Exchange-Traded Funds Beat Active Managers
The exchange-traded-fund industry has the enemy in its sights: the active manager who runs a traditional equity mutual fund. When they first appeared in the marketplace, ETFs talked up such virtues as lower costs, tax advantages and ease of trading. Now, after the Dow Jones industrial average's worst year since 1931, they're going in for the kill.
"Active managers say they'll protect you when the market falls by getting ahead of it," said Lee Kranefuss, chief executive of Barclays Global Investors' iShares business. "That promise is hard to deliver on." ETFs are not only cheaper, he said, but they also outperform the managers.
An ETF is a mutual fund that you buy and sell through a brokerage account, like an individual stock. Most ETFs are index funds -- meaning they track the performance of a particular market, or slice of a market, rather than try to exceed it.
In theory, active managers should beat indexes because their funds can build up cash during a market drop. They're also supposed to be able to pick the stocks that will hold up during declines. That's one of the things you pay them for.
But they're not earning their pay. Last year, 58 percent of actively managed funds lost more in value than the benchmark against which they measure themselves, according to Morningstar. Small-cap managers, who are supposed to be especially nimble, had a particularly bad year: Seventy-two percent of them fell behind their benchmarks.
The numbers get worse when you compare the managers' performance with the Standard & Poor's 500-stock index. Among large-cap U.S. funds, 62 percent lagged behind the S&P 500 in 2008, as did 63 percent of all U.S. diversified equity funds.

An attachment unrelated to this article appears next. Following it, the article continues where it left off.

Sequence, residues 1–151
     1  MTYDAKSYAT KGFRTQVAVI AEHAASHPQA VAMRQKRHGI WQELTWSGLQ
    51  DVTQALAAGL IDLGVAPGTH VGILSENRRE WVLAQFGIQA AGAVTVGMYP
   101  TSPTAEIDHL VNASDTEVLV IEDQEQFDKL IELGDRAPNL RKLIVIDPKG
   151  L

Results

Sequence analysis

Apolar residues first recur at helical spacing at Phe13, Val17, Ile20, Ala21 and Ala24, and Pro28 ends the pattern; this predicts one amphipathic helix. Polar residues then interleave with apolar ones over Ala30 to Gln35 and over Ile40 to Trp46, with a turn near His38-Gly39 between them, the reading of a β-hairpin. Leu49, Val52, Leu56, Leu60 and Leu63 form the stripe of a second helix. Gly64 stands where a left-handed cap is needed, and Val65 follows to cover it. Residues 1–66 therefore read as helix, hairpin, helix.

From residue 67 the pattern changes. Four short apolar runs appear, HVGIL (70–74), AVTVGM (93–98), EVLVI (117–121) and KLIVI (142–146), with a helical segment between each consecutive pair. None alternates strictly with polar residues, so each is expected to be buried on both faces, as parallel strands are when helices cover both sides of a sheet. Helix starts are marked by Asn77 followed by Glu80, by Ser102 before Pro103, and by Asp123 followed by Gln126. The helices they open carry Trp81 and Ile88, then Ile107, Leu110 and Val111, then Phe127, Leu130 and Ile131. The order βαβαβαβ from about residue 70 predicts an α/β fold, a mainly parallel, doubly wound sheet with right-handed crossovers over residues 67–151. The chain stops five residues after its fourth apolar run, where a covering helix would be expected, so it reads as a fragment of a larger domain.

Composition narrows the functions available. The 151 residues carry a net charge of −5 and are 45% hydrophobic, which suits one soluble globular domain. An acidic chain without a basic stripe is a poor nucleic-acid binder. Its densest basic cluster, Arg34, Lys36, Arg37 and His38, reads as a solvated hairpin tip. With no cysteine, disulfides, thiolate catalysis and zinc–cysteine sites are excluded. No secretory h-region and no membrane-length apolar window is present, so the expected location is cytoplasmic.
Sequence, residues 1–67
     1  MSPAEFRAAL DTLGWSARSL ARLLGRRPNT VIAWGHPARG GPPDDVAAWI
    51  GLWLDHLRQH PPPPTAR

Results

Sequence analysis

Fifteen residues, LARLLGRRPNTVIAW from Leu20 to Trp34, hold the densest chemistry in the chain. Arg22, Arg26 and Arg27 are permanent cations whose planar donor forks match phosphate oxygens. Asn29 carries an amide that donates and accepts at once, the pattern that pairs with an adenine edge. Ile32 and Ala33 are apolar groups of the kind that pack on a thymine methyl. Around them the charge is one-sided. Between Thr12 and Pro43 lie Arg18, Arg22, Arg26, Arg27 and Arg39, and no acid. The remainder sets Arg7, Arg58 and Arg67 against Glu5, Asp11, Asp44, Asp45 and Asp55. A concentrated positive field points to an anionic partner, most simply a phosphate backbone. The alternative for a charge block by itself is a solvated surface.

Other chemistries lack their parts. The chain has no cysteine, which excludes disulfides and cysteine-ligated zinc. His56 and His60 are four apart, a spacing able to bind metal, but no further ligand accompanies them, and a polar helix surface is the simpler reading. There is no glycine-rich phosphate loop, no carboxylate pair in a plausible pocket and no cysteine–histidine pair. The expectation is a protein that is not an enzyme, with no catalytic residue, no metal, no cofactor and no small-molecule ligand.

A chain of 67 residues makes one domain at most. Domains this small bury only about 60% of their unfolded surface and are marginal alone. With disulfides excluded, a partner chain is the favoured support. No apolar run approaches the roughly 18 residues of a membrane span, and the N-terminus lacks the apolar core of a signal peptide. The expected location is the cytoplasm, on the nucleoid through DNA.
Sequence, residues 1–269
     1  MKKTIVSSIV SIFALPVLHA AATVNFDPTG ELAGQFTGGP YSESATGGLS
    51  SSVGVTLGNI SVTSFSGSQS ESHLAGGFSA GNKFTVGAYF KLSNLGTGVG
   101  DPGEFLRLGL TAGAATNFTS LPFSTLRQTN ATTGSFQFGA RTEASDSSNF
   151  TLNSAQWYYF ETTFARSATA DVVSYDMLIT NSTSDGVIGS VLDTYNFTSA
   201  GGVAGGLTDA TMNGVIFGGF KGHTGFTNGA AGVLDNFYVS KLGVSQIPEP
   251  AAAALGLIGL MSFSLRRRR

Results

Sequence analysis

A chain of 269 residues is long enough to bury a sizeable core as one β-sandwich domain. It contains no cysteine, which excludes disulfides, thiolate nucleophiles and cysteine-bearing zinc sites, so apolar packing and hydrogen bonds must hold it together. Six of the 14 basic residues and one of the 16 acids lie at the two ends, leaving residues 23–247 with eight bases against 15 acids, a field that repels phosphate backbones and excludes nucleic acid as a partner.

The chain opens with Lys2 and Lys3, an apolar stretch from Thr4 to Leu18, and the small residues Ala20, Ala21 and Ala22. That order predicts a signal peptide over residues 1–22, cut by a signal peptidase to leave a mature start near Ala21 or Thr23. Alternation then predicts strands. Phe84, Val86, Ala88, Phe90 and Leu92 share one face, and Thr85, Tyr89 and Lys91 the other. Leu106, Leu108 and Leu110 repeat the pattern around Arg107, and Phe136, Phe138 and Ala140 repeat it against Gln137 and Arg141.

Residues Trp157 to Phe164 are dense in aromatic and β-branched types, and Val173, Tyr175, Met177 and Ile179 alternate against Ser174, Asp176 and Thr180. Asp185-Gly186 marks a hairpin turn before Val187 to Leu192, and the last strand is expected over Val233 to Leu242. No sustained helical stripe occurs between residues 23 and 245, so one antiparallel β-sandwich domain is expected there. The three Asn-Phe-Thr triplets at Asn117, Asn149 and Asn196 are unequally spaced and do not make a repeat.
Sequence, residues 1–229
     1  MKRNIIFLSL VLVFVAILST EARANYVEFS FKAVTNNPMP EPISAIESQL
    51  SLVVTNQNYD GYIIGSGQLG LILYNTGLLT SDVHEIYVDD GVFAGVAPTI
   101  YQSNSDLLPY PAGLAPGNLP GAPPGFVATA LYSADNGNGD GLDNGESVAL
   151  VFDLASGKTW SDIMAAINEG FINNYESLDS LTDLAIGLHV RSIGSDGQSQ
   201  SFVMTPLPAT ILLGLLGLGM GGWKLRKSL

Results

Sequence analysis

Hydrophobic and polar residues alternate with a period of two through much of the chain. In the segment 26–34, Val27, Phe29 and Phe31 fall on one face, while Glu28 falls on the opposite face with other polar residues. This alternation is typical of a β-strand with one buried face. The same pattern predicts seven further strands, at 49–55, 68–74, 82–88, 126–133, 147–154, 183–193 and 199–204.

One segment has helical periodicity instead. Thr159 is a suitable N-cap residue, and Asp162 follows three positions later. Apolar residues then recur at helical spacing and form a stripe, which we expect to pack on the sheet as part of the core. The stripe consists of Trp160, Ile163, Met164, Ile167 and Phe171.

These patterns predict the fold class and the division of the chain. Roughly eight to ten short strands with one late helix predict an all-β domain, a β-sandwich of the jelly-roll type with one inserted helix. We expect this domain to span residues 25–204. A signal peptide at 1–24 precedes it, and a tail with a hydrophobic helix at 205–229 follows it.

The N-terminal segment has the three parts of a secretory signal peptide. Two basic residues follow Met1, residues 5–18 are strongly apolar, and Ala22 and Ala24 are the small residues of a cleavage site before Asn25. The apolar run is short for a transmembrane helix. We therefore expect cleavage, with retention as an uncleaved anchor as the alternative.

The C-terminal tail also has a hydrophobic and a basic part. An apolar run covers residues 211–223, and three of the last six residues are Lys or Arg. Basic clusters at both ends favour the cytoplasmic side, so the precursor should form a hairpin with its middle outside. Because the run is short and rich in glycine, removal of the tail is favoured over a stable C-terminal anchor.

Most managed funds trail the indexes in the first phase of a recovery, too. As an example, look at what happened in the 12 months after October 2002, the bottom of the last bear market. Seventy-eight percent of U.S. managed equity funds did worse than their benchmarks. You are paying your managers to miss.
Investors are catching on. They pulled $128.7 billion out of managed equity mutual funds in the first 11 months of 2008, according to the Investment Company Institute in the District, but they didn't give up on stocks entirely. During the same period, they put $20.8 billion into traditional index funds. Exchange-traded products attracted $133 billion.
"Anytime the market is struggling, investors are more likely to notice the drag on performance caused by the fees active managers charge," said Jim Wiandt, publisher of IndexUniverse.com. "That pushes them toward indexing in general and ETFs in particular," he said.
In December, ETFs accounted for 38 percent of all equity trades by dollar value on the NYSE Arca trading platform, up from 32 percent in the third quarter. A majority of the volume came from large investors, including institutions and hedge funds, Wiandt said.
Retail investors are playing, too, especially for year-end tax planning. They were selling traditional mutual funds, booking the losses and staying in the market by buying similar ETFs.
Christy White, a principal of the consulting firm Cogent Research in Cambridge, Mass., said ETFs are attracting Generation X investors, now in their 30s and 40s, who tend to be more self-directed than older investors. ETFs also interest high-net-worth investors, who use the funds in place of individual stocks for broad exposure to market segments. As any money manager can tell you, picking stocks is hard.